Soundtrack review: The Purge – election year (Nathan Whitehead – 2016)
“The Purge: Election Year is a 2016 American social science fiction action horror film, written and directed by James DeMonaco and starring Frank Grillo, Elizabeth Mitchell and Mykelti Williamson. A sequel to the 2014 film The Purge: Anarchy, it is the third in The Purge series. Years after sparing the man who killed his son, former police sergeant Barnes has become head of security for Senator Charlie Roan, a Presidential candidate targeted for death on Purge night due to her vow to eliminate the Purge. The score was written by Nathan Whitehead.
The first two “Purge” scores worked very well in the context of the movies. They made more sense like that because they didn’t instill in me the terror of the whole concept when I listened to the music without the support of the images. Still the dark and pulsating atmosphere that dominated the albums made sense and I find it again in this third installment. What I notice right away is that the music is livelier this time around. It sounds fresh and not so defensive as it did the last time around. I find the emotional element I always enjoy in “Hope”. Even here, the emotion is no longer desperate or like a sanctuary; it’s more determined. As I listen to the score I imagine that terror is no longer the most important idea of the movie like in the first two. I like the atmospheric sound of cues like “My slice of the pie” and Photograph”.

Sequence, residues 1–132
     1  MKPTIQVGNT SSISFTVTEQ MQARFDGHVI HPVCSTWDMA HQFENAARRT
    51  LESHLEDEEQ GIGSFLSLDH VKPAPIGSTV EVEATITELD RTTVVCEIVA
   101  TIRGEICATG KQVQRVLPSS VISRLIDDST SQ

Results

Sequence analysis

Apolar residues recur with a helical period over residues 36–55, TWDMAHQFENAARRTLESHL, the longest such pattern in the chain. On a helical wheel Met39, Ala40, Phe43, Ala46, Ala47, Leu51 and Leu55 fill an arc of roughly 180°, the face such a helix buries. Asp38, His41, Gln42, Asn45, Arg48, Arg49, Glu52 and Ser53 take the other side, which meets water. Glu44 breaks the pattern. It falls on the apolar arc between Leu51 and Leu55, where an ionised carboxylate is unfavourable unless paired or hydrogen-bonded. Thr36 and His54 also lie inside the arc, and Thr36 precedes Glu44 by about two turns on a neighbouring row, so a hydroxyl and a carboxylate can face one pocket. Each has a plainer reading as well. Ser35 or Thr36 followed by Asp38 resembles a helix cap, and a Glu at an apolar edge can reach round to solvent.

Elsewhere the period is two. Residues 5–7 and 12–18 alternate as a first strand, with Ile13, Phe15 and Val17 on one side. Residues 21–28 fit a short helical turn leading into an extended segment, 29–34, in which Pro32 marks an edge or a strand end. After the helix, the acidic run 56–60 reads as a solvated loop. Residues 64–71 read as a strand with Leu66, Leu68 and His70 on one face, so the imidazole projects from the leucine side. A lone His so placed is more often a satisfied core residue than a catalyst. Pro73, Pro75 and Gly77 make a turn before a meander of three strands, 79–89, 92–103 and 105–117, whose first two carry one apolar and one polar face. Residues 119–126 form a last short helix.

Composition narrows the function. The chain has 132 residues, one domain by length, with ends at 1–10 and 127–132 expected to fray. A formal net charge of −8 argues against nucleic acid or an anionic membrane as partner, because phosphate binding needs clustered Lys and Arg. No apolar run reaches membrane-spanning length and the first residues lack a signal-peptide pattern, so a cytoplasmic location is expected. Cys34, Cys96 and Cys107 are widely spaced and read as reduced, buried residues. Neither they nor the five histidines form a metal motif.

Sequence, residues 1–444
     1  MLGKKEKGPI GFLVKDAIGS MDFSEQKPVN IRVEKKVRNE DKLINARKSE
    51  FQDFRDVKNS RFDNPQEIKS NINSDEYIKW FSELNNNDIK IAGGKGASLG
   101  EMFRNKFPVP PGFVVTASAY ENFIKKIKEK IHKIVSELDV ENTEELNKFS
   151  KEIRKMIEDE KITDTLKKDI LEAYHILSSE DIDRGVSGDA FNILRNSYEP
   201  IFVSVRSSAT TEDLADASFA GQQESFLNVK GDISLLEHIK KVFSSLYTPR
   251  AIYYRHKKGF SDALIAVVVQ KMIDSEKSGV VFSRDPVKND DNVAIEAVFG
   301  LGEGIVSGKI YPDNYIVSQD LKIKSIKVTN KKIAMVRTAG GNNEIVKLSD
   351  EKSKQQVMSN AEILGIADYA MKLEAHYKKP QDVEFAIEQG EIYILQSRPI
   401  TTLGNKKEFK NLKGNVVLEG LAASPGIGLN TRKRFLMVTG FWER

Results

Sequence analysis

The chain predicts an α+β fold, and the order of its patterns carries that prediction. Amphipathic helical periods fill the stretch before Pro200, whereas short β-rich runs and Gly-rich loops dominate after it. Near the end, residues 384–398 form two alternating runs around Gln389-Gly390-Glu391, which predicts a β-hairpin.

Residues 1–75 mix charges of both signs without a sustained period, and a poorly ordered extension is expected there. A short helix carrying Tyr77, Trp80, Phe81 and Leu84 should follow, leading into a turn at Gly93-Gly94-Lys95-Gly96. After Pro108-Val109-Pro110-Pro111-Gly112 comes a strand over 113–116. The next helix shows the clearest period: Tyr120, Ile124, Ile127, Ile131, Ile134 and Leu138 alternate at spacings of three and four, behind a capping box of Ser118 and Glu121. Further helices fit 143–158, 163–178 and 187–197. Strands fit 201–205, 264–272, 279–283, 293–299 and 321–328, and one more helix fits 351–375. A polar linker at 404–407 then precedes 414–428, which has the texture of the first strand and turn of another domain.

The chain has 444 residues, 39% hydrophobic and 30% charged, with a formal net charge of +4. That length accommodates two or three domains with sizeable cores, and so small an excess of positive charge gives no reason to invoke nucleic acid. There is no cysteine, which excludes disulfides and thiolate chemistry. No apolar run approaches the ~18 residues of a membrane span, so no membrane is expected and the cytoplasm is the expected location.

For me in “Election year” the sound of “The purge” has matured and become more industrial. It’s strange because from what I know the story takes place outside while the music often makes me think of confined spaces and dark basements. I feel a lump in my throat as I listen to the constant pulse of “Radio check” or “Pequena Muerte”. I am finally scared when I hear “We’re on our own” as this cue blends terror with desperation and I can connect with it.
Once again the standalone listen of a “Purge” score makes me curious about the movie. I need the on screen images to complete it and I need the story to feel some of the emotional gaps I feel in the music. Enjoyable as a background listen, “The purge: election year” develops and solidifies the musical identity of the franchise. There’s still room for improvement in the next instalments.
Cue rating: 74 / 100